photo courtesy Starz

It was cute that Roger felt the need to macho things up a little bit, talking about his prowess in the kitchen. But I hope you felt a little apprehension when Rob basically invited himself over for dinner!

Tell Me About My Son

Claire and Jamie’s pillow talk was sweet. Many fans have lamented the lack of Jamie and Claire time in general, and J&C sexy time in particular – I don’t know that we’re ever going back to what we saw in early seasons, but the writers have done a beautiful job of showing the deepening of their relationship, the complete commitment (as if rescuing only your own wife and not the other prisoners wasn’t a part of that). Among the rest of the colonial army, Jamie and Claire have each other, and can pull their love around them like a cloak to shut everyone else out.

“Why is it that women don’t make wars?” Claire asks. “You’re not made for it, Sassenach,” he answers. “You don’t believe that women are just as capable as men of fighting for what they believe in?” she questions. “No, that’s not what I mean. You’ve proven to me that they are, many times. It’s just that, women take so much more wi’em when they go. When a man dies, it’s only him. One is much like another. A family needs a man, to feed them, protect them. Any decent man can do it. A woman takes life wi’her when she goes. A woman is possibility.”

Jamie’s philosophical frame of mind is deep this evening, as they lay on the brink of all-out war against a foe that Jamie knows well, and one that he has more reason to fear than most of the colonial army. “Canna say I’m very much as afraid of dyin’ as i used to be. I shouldna like it, of course. But there  may be less regret about it. Children are grown, grandchildren are thriving. On the other hand, I may be less afraid for myself. I’m a bit more reluctant to kill young men who have not het lived their lives.” “Surely you’re not going to assess the ages of those shooting at you,” Claire asks. “I sincerely hope you don’t intend to let some whippersnapper kill you, just because he hasn’t lived a life as full as yours yet.” And Jamie, our violent man, replies, “Nah. I’ll kill them. I’ll just mind it more.” Does Jamie still say a prayer for the men he’s killed in battle, or for the damage he knows it does to his soul? He acknowledges that he has the ability to kill without hesitation, but that creates a true duality in his spirit – he’s also fully able to love, and not just Claire. He’s a practical man, doing what needs to be done.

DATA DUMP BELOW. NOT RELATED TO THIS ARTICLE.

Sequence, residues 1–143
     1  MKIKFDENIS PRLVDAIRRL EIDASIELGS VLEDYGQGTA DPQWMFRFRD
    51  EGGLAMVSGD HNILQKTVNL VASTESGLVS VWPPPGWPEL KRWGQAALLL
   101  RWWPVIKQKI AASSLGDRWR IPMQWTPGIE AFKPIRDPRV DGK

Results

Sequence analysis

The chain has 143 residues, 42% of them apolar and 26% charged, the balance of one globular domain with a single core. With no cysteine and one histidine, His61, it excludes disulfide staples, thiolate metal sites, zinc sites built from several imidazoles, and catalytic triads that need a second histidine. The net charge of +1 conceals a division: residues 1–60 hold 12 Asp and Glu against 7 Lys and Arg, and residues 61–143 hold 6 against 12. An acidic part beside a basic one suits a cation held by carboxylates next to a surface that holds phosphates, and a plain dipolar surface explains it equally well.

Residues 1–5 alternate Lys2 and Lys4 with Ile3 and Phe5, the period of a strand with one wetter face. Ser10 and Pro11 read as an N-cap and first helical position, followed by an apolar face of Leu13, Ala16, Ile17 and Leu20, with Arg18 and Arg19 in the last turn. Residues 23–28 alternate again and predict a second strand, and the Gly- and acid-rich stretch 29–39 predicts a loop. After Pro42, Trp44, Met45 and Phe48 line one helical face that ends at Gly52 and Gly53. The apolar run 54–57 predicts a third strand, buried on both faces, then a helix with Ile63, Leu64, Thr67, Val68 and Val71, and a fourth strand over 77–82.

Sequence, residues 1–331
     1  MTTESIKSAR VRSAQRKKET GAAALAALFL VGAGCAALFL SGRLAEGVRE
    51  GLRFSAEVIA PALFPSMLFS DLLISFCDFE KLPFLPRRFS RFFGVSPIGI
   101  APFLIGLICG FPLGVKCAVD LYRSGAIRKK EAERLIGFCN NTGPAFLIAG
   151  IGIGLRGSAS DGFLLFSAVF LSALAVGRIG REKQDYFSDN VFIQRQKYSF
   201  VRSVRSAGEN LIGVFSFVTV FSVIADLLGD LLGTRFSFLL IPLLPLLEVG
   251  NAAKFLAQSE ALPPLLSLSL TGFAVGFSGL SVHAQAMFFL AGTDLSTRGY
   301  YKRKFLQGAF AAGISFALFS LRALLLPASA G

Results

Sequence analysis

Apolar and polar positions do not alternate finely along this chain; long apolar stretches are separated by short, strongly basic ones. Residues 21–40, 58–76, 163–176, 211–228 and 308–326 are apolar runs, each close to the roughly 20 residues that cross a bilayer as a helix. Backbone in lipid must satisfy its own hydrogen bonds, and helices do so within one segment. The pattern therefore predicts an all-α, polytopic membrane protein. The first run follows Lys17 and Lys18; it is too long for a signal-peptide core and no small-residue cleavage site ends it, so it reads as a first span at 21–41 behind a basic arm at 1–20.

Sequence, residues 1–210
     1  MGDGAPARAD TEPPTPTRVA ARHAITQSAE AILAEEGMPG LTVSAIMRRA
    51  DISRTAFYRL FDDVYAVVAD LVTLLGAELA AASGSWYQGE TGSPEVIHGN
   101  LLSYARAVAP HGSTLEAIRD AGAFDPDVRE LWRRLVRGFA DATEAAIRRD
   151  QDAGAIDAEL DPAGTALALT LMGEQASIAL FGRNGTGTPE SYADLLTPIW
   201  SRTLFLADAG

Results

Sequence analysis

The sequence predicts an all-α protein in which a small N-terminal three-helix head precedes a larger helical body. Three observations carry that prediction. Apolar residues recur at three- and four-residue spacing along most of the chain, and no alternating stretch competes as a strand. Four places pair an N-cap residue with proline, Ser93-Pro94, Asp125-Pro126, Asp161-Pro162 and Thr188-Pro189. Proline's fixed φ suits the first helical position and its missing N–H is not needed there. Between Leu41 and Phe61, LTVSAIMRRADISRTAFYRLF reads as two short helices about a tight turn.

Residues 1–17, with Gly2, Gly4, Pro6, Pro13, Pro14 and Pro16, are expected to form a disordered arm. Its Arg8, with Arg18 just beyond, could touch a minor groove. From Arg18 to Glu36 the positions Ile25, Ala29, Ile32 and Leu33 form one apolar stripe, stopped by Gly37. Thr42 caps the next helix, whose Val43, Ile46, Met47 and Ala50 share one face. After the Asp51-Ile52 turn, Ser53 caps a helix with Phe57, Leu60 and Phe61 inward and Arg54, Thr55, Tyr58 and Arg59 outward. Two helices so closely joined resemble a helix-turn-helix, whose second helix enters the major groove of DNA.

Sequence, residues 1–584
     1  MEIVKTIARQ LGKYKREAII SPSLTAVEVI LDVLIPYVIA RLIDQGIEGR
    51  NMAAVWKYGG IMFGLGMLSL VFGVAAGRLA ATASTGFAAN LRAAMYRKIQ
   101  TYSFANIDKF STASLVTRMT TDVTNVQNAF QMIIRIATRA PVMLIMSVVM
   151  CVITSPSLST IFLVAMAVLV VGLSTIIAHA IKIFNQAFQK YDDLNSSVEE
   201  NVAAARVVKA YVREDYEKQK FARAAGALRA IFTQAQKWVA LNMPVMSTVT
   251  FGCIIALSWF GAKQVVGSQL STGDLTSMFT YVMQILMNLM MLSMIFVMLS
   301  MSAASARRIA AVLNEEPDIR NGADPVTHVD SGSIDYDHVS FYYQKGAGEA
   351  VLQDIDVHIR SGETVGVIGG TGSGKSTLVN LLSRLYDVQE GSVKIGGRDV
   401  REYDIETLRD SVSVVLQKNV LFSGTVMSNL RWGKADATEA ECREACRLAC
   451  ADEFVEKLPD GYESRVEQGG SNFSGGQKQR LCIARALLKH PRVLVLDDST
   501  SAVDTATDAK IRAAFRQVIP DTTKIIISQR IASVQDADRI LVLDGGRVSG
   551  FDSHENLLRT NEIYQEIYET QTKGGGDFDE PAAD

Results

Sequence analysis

screencap courtesy Outlander-Online.com

He asks Claire to tell him about William, who she encountered earlier in the day. Her observations parallel Jamie’s in Season 3, when he first tells her that he has a son. Handsome, braw, thoughtful – a man of honor. Jamie has vowed to himself not to face his son on the battlefield – will he be able to keep that vow, given their current proximity?

Who Could It Be Now?

Jemmy and Mandy’s imagination, or so their parents think, comes to life as Roger sees someone skulking around outside as he cleans up the kitchen. He runs outside, and finds a man, dressed in very old clothing – spins him around and recognizes a former foe. “Christ!” Roger exclaims when he recognizes the man. What else to do but punch him? If you were confused, you probably have good reason. This is who Jemmy has been calling the Nucklavee – Buck MacKenzie, Roger’s ancestor, who got Roger hanged at the Battle of Alamance, for kissing his wife. What is he doing here, completely out of time, and at Lallybroch??? In Season 5, Buck was played by Graham McTavish, as Graham’s character Dougal was Buck’s father. But this season, Graham is already scheduled to play Dougal – if you don’t know the story, I won’t give anything away, so they recast. Diarmid Murtagh now plays Buck, and we’ve moved into the next phase of Season 7!! The coming storyline is one of my favorites from the later books – I’m excited to see how this all turns out!

Comment below with your reactions to this episode! What are you looking forward to? What did you like or dislike in this one?

And be sure to join me and Sam Kraupner on Monday night, on Instagram Live, for our weekly Outlander Gab! We’ll chat about the episode, events, the upcoming Men IN Kilts, and you can join us to tell us what you thought! Instagram.com/OutlandishlyTIBS – 9 pm eastern, 8 central! Want some fun on Facebook? Check out my Facebook group, Outlandishly Three If By Space!

Follow me on Twitter: @ErinConrad2 and @ThreeIfBySpace